Solder Seal Connectors — How to Solder Wires

Three important ways that they’re superior.

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Solder Seal Connectors — How to Solder Wires

Replacing a broken taillight on my trailer reminded me of just how much I like solder seal butt connectors. Before I starting using them, I was always leery of using traditional crimp connectors, especially underneath a vehicle, exposed to the elements. My preferred wiring repair method was soldering, followed by covering with heat shrink tubing. That worked fine, but wasn’t always easy in confined spaces, or while working overhead. Plus, it often felt like you needed three hands to hold both wires just right, while also holding the soldering iron. And, then you had to hit it with a heat gun to shrink the tubing, and cover up the bare wires.

Earlier this year, I installed a flatbed body on my truck, with all new lights. This meant I had to splice wires for the new lights into the factory wire harness. I decided to try solder seal butt connectors to tie into the factory wires, mainly because they claimed to be waterproof. But I soon found there are more reasons to use them instead of traditional crimp connectors or soldering.

Compared to soldering, solder seal connectors simplify the repair by eliminating steps. You don’t need to tin both wire ends, you don’t need to hold them still while soldering them together, and you don’t need to use a soldering iron. You just use a heat gun, which you’d use anyway for the heat shrink tubing.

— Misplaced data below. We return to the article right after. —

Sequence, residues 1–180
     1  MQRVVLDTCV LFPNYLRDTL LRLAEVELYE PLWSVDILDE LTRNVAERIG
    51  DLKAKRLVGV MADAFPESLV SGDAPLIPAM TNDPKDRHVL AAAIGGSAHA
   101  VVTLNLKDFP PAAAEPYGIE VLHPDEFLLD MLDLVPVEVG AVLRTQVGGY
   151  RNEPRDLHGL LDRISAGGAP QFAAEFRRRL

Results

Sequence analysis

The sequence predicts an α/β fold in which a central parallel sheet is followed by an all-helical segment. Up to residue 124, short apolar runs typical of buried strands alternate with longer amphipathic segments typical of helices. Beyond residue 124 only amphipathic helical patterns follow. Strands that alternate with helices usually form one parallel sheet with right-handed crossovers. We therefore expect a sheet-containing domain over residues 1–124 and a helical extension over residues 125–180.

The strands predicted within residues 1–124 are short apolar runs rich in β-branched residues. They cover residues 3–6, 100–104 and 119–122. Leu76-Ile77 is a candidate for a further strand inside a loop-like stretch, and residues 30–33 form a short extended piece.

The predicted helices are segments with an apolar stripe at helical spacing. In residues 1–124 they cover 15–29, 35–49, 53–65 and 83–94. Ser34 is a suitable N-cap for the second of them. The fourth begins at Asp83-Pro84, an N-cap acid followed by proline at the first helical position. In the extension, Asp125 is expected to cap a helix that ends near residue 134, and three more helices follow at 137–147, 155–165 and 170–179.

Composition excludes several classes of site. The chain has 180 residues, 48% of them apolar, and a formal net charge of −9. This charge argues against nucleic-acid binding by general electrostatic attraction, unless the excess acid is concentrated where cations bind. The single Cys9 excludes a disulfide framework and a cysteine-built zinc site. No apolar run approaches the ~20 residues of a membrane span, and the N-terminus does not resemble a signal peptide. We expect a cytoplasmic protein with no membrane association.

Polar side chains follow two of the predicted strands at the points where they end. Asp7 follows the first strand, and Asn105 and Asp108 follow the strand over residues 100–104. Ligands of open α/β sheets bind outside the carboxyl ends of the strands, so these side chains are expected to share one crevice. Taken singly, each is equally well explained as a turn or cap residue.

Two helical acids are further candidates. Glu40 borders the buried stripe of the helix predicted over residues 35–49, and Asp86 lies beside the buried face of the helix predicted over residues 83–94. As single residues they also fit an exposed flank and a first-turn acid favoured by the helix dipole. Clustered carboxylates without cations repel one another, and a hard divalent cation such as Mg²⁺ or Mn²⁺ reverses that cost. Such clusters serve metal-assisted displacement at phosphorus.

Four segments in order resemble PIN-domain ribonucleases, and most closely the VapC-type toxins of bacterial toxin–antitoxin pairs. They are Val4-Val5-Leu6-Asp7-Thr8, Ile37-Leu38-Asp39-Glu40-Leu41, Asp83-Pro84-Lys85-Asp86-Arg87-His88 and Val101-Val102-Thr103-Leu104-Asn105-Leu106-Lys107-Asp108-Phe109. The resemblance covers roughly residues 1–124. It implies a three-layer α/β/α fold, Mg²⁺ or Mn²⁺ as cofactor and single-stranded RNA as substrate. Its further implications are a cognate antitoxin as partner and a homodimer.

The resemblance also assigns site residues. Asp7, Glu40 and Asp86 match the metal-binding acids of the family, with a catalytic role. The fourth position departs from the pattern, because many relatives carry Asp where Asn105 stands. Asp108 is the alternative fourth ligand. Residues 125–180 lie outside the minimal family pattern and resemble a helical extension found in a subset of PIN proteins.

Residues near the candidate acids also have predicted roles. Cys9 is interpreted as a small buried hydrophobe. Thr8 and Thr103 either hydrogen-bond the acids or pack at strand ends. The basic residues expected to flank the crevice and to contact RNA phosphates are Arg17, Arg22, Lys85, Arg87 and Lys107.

Compared to crimp connectors, solder seal connectors are watertight, create a much stronger connection that can’t be pulled apart, and are far less bulky. If you’ve ever had to patch into a harness, you know there is always a big lump created by the butt connectors. That lump can sometimes be a problem if you need to tuck the wiring back into a tight space.

Solder seal butt connectors are made of a clear, heat shrink tube, with a low temperature solder ring in the middle. On either side of the solder ring, there is a colored ring of heat-activated adhesive. The colors of the heat activated adhesive help identify what size wires can be used with the connector.

The connector is slipped over one of the wires to be spliced together and then the stripped ends of each wire are pushed into each other. The connector is slid over the splice, with the bare wires both inside the solder ring. Heat is then applied to the tube via a heat gun, which first shrinks the tubing, then activates the adhesive, sealing the connector to the insulation around the wires, and finally melts the solder which flows into both wires.

Plus, consider that they’re easier to use than a soldering iron and require little to no practice or special skills. You will need a heat gun capable of reaching 750-1110 degrees F, but they’re relatively inexpensive—and if you deal with wiring regularly, the benefits of the connectors justify the cost.

Solder seal is a generic name for these connectors, and you’ll find there are many brands available. I have tried Solder seal connectors from both Kuject and Sopoby, which performed equally well. If you’ve ever wondered about these types of connectors, you should definitely try them—I don’t think I’ll ever use a crimper again.

Brad Ford has spent most of his life using tools to fix, build, or make things. Growing up he worked on a farm, where he learned to weld, repair, and paint equipment. From the farm he went to work at a classic car dealer, repairing and servicing Rolls Royces, Bentleys, and Jaguars. Today, when he's not testing tools or writing for Popular Mechanics, he's busy keeping up with the projects at his old farmhouse in eastern Pennsylvania.

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Solder Seal Connectors — How to Solder Wires

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